SPIRALLING SKYWARDS: Falling
Copyright © 2016 Lesley Jones
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This is a work of fictions. Names, characters, businesses, places, events, and incidents are either the products of the author’s imagination or used in a fictitious manner. Any resemblance to actual persons, living or dead, or actual events is purely coincidental.
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I’d forgotten how
late people go out in the city, or in England generaly. Where I grew up, you couldn’t even get a takeaway after eight, even earlier in the winter. But here, people didn’t even start their night till around ten, and as I walked into the VIP area of the night club where Luke’s surprise party was being held, I realised my country-boy mistake. It was nine thirty on a Saturday night, and aside from Will, the place was empty.
“You’re keen, mate.” He smiled at me from where he stood behind the bar, chatting to a couple of his staff.
“Jet lag, my body clock’s shot to shit right now.” I smiled through my lie.
“What can I get ya?” Will asked.
“Beer please, and none of that warm shit you serve over here either.” I winked at the barmaid as I spoke.
“Oh, fuck me, never heard that one before. You wanna come around here and serve yourself? That
all you Aussie’s do when you come to this country, right? Work behind the bar?”
He had me there, when I’d back packed my way around Europe and the UK after finishing uni, I’d worked in three different pubs in London alone.
“Not this time, too old for all that shit. What time’s the birthday boy s’posed to rock up anyway?” I asked.
“Sometime before midnight, but don’t stress, the free bar starts at nine thirty, so people will start arriving soon. They’re not gonna wanna miss out on free drinks.” He nodded in my direction as he spoke.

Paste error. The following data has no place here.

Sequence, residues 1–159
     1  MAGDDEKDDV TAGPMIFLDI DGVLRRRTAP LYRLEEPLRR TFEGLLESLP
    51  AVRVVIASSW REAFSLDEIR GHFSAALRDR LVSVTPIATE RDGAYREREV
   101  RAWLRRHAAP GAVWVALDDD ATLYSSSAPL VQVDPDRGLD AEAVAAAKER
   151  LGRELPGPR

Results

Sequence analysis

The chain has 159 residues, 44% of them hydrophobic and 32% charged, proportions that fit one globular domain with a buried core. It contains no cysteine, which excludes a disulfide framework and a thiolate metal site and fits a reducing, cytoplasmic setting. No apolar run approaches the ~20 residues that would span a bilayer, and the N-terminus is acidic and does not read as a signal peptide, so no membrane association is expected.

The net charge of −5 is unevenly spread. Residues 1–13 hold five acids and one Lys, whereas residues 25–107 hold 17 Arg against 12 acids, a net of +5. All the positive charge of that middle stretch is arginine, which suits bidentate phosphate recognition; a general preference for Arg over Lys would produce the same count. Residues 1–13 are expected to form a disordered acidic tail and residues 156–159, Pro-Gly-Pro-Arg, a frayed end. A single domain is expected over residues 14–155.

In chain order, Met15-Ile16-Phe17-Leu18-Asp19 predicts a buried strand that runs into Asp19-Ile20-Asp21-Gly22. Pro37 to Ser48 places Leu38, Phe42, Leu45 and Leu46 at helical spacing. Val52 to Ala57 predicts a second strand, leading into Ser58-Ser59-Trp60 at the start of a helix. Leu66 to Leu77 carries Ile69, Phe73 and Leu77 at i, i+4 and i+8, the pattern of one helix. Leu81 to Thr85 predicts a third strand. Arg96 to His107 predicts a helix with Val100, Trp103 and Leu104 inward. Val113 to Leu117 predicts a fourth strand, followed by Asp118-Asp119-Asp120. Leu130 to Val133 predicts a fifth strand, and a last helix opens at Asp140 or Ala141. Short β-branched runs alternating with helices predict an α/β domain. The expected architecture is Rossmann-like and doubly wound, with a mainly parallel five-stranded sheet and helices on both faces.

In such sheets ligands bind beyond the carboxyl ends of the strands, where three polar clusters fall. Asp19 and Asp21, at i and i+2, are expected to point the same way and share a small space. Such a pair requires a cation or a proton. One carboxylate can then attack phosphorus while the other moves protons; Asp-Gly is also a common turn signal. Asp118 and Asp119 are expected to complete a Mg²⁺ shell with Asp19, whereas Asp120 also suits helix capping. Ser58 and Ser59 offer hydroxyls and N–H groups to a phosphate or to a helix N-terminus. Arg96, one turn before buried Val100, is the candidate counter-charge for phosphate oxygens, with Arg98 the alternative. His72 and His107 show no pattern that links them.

“Get fucked, I’ll pay for my beer as long as it’s below room temperature.”
I watched as he took the pint the barmaid had just poured and passed it to me. I took a sip and pulled a face in disgust at the taste.
“What the fuck is that?”
Will frowned and turned towards the now terrified-looking girl standing next to him.
“Fosters,” she said quietly, her eyes widened as they darted between me and Will. We both started laughing.
“Darl, we don’t drink that shit where I come from. We ship it over here to you lot.”
Again, her eyes darted between us. I’m sure the poor girl was terrified she was about to lose her job.
“He’s not kidding, Court. Fosters is not the beer of choice in Australia,” Will told her.
“Get me a vodka tonic, plenty of ice. I should be safe with that.” After a second, I added, “Please, Courtney,” with a wink and my best smile so she wouldn’t think that I was some kind of pretentious arsehole and spit in my drinks for the rest of the night.
“So he’s no clue that you’re here?” Will had walked around the bar and was now leaning against the same side as me.
“Nah, I spoke to him this arvo, and he still thinks I’ll be here next week.”
“How long you staying for?” Will asked while passing me my vodka.